"I have to kill somebody," he said. He had never been violent, and his parents believe he came to them out of fear. Most people with schizophrenia do not act on their hallucinations, they said.
Calmly, his mother suggested that she should call the police. Rutherford agreed.
Police took him to Santa Clara Valley Medical Center.
"This time they kept him. They placed him in a long-term psychiatric facility in Santa Cruz. He was there for four months. It was a nice arrangement. You could visit, and if they behaved themselves, you could take them out for a burger. He was the best I'd known him since he was sick," his father said.
"He was taking his medicines and almost making plans for the future. We got our hopes up," his mother added.
Rutherford wasn't angry about his hospitalization, his parents said. But one month after his release, he disappeared again. Feeling better, he probably saw no need to continue taking his medicine, his parents said.
He committed a carjacking in Los Angeles, and he went to prison. His parents did not know about the arrest, trial or imprisonment until they received a call from the prison. Rutherford was in with the general population. A prison employee recognized he wasn't well and called his family for confirmation about his mental history.
Rutherford was transferred to another facility where he received treatment. When he was released in 2003, he took part in a special program for parolees with mental illness. He was 25 years old and was living in a residential facility in Redwood City.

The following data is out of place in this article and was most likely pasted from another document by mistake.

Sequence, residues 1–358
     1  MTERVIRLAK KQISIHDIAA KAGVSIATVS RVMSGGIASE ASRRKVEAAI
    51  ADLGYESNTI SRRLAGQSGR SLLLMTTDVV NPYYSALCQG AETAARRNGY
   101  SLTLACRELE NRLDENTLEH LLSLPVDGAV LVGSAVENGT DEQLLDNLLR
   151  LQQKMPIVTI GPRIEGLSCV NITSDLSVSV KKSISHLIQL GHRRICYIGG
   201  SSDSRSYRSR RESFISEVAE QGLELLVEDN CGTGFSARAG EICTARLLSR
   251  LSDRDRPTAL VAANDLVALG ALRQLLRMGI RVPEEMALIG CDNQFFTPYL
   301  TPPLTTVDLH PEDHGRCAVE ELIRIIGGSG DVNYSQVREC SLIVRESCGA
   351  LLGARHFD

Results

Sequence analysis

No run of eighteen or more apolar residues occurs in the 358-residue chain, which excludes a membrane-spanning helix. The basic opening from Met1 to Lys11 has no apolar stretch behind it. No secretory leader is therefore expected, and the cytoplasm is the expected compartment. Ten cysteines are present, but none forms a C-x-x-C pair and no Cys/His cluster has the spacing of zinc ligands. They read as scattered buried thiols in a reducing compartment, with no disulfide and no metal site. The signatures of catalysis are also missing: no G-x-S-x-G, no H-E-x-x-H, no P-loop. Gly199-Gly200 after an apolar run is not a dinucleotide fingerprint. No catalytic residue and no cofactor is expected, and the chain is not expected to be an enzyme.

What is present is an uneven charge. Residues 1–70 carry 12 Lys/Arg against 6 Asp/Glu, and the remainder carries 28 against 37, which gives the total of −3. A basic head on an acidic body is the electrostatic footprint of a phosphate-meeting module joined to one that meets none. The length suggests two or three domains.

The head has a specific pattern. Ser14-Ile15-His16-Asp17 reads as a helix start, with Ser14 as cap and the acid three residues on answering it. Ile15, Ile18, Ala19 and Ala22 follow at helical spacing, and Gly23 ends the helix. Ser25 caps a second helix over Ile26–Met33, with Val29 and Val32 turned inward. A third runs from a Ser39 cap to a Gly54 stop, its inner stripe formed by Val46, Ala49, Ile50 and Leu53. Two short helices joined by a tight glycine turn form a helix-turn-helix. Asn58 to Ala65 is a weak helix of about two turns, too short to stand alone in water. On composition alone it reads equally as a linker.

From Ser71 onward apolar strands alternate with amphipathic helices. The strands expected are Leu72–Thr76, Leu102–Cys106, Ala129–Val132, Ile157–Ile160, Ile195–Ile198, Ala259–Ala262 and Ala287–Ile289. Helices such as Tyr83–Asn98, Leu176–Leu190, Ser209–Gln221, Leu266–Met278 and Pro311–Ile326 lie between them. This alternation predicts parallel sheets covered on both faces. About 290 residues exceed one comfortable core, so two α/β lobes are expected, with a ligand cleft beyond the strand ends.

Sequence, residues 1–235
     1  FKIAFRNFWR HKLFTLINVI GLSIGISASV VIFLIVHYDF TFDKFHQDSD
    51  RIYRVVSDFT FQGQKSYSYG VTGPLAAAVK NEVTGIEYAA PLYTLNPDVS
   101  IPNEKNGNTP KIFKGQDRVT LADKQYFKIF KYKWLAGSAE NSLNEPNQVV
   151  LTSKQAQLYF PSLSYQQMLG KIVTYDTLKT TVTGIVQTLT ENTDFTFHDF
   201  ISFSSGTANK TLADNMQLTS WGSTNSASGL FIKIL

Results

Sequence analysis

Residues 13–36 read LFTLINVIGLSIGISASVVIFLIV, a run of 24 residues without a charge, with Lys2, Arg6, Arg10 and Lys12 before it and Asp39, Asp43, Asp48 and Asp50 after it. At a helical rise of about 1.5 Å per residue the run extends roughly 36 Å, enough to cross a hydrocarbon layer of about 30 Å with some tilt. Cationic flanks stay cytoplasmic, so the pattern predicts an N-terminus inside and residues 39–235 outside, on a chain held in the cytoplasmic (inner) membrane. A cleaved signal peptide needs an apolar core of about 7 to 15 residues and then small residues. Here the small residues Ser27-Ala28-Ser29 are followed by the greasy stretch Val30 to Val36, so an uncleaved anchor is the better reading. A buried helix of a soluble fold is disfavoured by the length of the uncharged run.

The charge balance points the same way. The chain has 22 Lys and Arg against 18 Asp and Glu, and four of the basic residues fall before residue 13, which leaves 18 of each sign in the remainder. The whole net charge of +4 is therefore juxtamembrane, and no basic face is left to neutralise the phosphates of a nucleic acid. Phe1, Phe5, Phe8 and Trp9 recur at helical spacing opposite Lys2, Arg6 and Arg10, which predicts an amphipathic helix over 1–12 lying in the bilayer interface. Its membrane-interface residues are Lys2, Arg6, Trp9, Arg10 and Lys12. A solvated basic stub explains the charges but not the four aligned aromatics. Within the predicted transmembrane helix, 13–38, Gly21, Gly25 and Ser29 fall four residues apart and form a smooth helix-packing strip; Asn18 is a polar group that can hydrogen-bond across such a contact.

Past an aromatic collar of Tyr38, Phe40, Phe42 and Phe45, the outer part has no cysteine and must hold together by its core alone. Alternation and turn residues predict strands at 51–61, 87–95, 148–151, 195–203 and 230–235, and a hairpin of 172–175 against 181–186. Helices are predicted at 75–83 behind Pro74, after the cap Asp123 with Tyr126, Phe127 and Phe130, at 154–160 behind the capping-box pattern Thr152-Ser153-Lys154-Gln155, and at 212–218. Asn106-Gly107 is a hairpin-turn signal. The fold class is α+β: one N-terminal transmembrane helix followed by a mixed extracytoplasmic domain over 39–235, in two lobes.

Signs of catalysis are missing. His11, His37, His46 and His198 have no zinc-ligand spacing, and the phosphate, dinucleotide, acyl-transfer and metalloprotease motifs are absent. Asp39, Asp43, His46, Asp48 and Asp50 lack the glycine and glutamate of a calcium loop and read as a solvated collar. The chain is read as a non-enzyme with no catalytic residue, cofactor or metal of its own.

Three days after he moved into his new home, Rutherford visited his parents. He was feeling good, he said.
His mother was impressed by the change.
"He eats my vegetable soup, which was very unusual, and he wants his picture to be taken. He said it was the happiest day of his life. He kissed and hugged me," she recalled.
Then Rutherford caught a train to San Francisco, where he died by suicide.
For his parents, there is a certain irony that after finding lucidity, their son ended his life, they said. Looking back, the couple felt they did everything they could.
But there could be changes to the system that would improve care for the mentally ill, they said.
"Unless there is evidence of abuse in the family, parents shouldn't be cut off. You know your kids and you love them," his mother said.
The greatest challenge is societal, they said, pointing to a lack of value placed on services to treat mental illness and thus a lack of funding.
"Everybody's in the same situation. You don't have public support. It takes collective action," Rutherford's father said.
"We're working against a real bad cultural problem and fashionable austerity," he added. "Nobody wants to be mentally ill. It's more of a stigma than cancer. Cancer is just bad luck. ... We're swimming against a very powerful tide. (People think that) 'If you're down and out, you deserve it.'"
But no one is very far from mental illness, he said, a notion he tried to instill in his son so that he might feel less stigmatized and perhaps be more willing to accept treatment.
"A tiny little tweak in that neurochemistry, and we're all ill," he said.
Staff Writer Sue Dremann can be emailed at firstname.lastname@example.org.
NEXT WEEK: In part 2 of this series on mental illness and its consequences for the ill and their families, the Weekly examines policies and laws regulating the treatment of mental illness.